Sunday, October 11, 2009

Weekly Market Commentary


Foreign exchange in the limelight as many currencies traded at their strongest this year. Leading the pack was the Australian dollar (see below), +4.3% this week alone to a high of $0.9092, closely followed by the South African rand (+3.3%), and Kiwi ($0.7457). Bottom, along with the greenback, sterling so that GBP/AUD dropped to 1.7650, lower than anything since March 1985. UK Output PPI rose +0.5% on the month, Core +1.4% Y/Y, higher than expected and adding to worries about inflation and ballooning government debt. Eastern European currencies lost ground against the Euro on worries about potential changes in mortgage laws in Latvia, Swedish banks particularly exposed to the problem so that NOK/SEK rallied to 1.2400, the krona’s weakest since mid-June. Currency moves helped several commodities higher, most notably Gold to $1061.20 per ounce, a new record high. This was mainly a function of the exchange rate because Gold futures in Tokyo are trading around 3,000 yen per gram for a ninth consecutive week; Palladium also did very well rallying to $323.00 per ounce. Yield curves flattened a little further as rates on short dates backed by up more from last week’s lows than the long end, though ultra-long and index-linked remain well bid. Most equity indices reversed last week’s losses and are back close to September’s highs, Australia, Brazil, Russia and Turkey setting new peaks for this year. Stock pickers are perplexed, and possibly a little worried, by the trend to lower Treasury yields since mid-August as orthodox theory suggests that either equities or bonds can rally but not both. We believe both can enjoy the benefits of big enough ‘stimulus packages’, as can commodities, real estate, farmland, fine art, fine wines – an endless list propelled by cheap cash.

Political and Economic Developments

The Reserve Bank of Australia raised their cash rate by 25 basis points to 3.25%, surprising most pundits (though they will not admit it). Great excitement and loud trumpeting that this signals the first of many countries to turn the corner, put the credit crunch behind them, who can look forward to solid economic recovery, and that this is the first in a series of rate hikes to bring them back up to more ‘normal’ levels. Needless to say we feel they are getting ahead of themselves. Lets not forget that central banks can get rate rises wrong, as Canada did in 2003 and again in 2007, and more famously the ECB in 2008. The usual mutterings about suitable exit strategies as and when appropriate from Messers Bernanke, King and Trichet, though Chinese vice-president Xi Jinping today said, ‘we will continue to implement…moderately easing monetary policy’ because economic recovery would be a long process. Marginally more upbeat is that Y/Y Bankruptcies in Japan dropped by 18.0%, close to their lowest in over a decade.

Underlying Themes

US Consumer Credit was -$12.0B in August, less negative than July’s low point of -$19.0B, the seventh consecutive monthly decline and the eleventh negative number of the last thirteen months. Matching the seven-month decline of 1991, they are the longest consecutive drops since the series began in 1943. Obviously people are choosing to pay down debt seeing as money market rates are practically nil, revolving credit amounting to $10B of the total and non-revolving $2.07B, buoyed by the ‘cash for clunkers’ programme. Attempts to clamp down on credit card charges may have made bankers more choosy as to who they extend lines to.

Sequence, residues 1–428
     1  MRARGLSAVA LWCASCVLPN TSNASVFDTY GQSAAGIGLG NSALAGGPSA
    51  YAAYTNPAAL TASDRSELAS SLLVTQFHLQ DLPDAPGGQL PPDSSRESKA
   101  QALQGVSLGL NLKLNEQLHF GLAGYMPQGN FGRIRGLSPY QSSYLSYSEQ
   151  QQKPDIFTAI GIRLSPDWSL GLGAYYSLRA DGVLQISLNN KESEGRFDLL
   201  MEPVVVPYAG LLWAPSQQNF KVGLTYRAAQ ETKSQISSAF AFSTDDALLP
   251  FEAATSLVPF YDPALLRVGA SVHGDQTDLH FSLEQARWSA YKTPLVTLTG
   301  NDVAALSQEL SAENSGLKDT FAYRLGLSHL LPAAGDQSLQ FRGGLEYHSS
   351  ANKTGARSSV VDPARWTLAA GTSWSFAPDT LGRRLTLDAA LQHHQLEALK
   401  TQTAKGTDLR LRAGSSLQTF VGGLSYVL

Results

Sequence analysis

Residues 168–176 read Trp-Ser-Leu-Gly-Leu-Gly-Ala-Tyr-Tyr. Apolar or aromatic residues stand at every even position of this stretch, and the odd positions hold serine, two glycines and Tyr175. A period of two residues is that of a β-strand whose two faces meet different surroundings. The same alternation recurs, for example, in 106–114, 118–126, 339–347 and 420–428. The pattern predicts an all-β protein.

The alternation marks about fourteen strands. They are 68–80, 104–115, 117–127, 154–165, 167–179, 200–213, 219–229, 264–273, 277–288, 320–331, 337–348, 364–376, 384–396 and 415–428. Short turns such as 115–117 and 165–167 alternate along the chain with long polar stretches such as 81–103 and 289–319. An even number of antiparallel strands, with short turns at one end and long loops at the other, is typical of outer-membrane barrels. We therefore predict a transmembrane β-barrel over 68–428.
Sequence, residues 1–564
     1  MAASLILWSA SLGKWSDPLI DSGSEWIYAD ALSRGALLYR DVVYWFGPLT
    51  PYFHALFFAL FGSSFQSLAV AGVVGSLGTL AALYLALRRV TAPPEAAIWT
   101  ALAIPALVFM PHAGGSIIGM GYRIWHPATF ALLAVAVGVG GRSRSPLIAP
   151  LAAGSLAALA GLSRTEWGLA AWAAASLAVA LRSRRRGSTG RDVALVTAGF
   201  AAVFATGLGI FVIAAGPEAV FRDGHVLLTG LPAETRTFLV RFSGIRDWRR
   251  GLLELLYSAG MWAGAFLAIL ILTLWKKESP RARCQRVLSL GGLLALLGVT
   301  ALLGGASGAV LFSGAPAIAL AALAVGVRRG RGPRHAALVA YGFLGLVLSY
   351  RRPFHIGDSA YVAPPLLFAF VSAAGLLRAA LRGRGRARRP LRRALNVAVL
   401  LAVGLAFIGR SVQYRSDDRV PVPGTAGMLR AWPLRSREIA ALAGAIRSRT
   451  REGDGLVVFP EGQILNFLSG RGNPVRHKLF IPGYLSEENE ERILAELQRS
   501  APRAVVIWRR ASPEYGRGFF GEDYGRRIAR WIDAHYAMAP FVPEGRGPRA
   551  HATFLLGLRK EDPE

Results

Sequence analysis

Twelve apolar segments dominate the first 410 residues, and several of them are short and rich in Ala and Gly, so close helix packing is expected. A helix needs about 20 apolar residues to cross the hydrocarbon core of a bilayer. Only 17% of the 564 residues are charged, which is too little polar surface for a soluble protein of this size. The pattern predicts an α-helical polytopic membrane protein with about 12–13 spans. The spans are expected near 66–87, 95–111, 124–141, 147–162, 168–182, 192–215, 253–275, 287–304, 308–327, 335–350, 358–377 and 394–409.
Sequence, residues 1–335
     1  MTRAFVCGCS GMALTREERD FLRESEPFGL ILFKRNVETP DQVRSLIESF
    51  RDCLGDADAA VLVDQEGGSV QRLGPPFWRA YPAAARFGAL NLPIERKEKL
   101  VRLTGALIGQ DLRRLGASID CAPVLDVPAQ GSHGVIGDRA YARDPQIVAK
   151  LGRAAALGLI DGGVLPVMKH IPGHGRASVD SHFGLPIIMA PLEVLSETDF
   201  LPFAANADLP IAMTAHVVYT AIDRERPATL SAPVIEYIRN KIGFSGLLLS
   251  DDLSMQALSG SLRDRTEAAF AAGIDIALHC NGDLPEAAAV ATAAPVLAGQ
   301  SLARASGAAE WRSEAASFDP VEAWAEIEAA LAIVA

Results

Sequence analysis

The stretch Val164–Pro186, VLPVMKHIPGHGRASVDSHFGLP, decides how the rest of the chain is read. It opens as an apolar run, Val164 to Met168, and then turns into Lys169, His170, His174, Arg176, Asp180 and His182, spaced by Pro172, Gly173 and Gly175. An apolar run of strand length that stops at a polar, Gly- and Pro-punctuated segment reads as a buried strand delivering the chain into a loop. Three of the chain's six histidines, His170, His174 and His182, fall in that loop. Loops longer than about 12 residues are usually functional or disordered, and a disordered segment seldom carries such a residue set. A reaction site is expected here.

What to watch for next week

Monday 12th holidays in several countries including Brazil, Canada and Japan and no economic numbers are due. Tuesday UK September CPI, RICS House Price Balance and DCLG House Prices, BRC Retail Sales Monitor and German October ZEW Survey. Wednesday Japan September Domestic CGPI, Tokyo Condominium Sales and Consumer Confidence, while the Bank of Japan concludes a two-day rate-setting meeting (expected unchanged at 0.10%). Also UK August Average Earnings and Unemployment, Eurozone Industrial Production, US Business Inventories, September Retail Sales, Import Prices and Minutes of September’s FOMC. Thursday EZ16 and US September CPI, October Philadelphia Fed Survey and Empire State Manufacturing one. Friday Eurozone August Trade Balance, US TICS Flows, September Industrial Production and Capacity Utilisation, October’s University of Michigan Confidence Survey while Botswana holds a general election. Monday the 19th Diwali holiday in India.

Positioning and Technical Analysis

Allow for a week or two of consolidation close to current levels in the FX market, moves in the crosses dominating and the US dollar taking a breather from its recent battering. Treasuries should strengthen, yield curves flattening, perhaps because banks prepare to be forced to hold better quality assets as reserves. Equities will probably hover uncertainly at current levels and we remind investors they should consider what currency appreciation/depreciation ought to do for share values. Few market professionals will be surprised if some were to suddenly drop by 10% for no apparent reason.

Mizuho Corporate Bank


The information contained in this paper is based on or derived from information generally available to the public from sources believed to be reliable. No representation or warranty is made or implied that it is accurate or complete. Any opinions expressed in this paper are subject to change without notice. This paper has been prepared solely for information purposes and if so decided, for private circulation and does not constitute any solicitation to buy or sell any instrument, or to engage in any trading strategy.